The Great Exhibition of 1851 lasted only six months, and though many exhibitions followed it, the grandeur and allure of this first exhibition could not be rivaled. As thousands of people streamed into London from all over the world for the grand display of the Exhibition, they desired ways to commemorate, share, and represent their experiences of this historical event. One tangible way they did this was through the purchase and collection of souvenirs.
As Susan Stewart writes in her book On Longing: Narratives of the Miniature, the Gigantic, the Souvenir, the Collection, “the souvenir reduces the public, the monumental, and the three-dimensional into the miniature, that which can be enveloped by the body, or into a two-dimensional representation, that which can be appropriated within the privatized view of the individual subject” (137-138). This miniaturizing and privatizing helps an individual hold on to, and perhaps enhance, the personal experience of the immense public spectacle. She goes on to say, “temporally, the souvenir moves history into private time” (138). The movement into private time allows the event to live on in perpetuity. It is no surprise, then, that many of the objects that still exist from the Exhibition are souvenirs, keepsakes, gifts, or representations of the experience of the Crystal Palace.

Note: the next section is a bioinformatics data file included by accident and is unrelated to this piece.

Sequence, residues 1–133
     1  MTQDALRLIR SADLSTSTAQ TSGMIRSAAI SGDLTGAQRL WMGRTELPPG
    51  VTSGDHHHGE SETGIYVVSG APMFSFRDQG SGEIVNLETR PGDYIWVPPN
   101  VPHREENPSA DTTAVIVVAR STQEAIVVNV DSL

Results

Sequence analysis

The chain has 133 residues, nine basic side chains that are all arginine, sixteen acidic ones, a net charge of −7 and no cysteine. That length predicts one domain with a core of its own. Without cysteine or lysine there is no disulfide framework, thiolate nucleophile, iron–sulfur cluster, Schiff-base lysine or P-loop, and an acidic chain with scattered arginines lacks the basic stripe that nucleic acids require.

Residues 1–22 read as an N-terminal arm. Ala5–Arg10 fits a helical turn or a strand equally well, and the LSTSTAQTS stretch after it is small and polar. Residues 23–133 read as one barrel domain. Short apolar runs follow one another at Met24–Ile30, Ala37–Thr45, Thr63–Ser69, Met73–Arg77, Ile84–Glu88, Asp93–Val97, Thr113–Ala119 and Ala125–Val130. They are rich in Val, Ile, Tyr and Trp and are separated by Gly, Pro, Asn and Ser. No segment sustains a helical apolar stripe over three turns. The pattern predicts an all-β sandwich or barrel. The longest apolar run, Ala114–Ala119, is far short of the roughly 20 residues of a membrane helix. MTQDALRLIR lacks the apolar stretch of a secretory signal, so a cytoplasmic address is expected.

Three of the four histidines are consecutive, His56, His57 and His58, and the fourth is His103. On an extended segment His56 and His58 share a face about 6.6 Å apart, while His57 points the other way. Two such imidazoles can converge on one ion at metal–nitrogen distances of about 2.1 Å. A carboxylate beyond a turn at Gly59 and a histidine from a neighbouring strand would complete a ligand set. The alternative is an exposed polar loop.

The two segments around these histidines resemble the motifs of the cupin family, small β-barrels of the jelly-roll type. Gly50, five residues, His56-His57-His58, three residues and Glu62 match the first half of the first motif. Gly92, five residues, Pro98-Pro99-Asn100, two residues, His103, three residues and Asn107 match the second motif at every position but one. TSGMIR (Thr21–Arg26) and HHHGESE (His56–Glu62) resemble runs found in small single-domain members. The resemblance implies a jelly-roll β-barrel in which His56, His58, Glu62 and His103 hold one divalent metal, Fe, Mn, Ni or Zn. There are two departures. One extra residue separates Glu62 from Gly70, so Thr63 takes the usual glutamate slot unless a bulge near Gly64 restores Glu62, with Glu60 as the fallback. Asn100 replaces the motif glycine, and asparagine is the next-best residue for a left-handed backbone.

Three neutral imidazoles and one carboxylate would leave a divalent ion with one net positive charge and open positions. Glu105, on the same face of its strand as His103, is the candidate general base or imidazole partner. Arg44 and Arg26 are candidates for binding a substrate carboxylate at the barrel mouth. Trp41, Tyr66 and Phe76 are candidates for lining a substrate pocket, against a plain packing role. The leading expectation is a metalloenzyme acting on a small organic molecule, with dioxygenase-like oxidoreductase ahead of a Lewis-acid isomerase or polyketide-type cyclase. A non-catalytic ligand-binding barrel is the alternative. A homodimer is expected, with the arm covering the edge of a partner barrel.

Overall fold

Our digital project explores what Victorians deemed most worthy of memorializing and commemorating from the experience of the Great Exhibition through the lens of the souvenir.
Below is a collection of souvenirs organized to demostrate the relationship between arifacts and their experiential representation of the Great Exhibition. Click on each image to display the artifact's tags. Then to view similar items, click on the individual tags.
We have highlighted several of the souvenirs through in-depth close readings to provide possible interpretations that comment on their significance. Find these pages on the top navigation bar or through the hyperlinked titles underneath the individual items.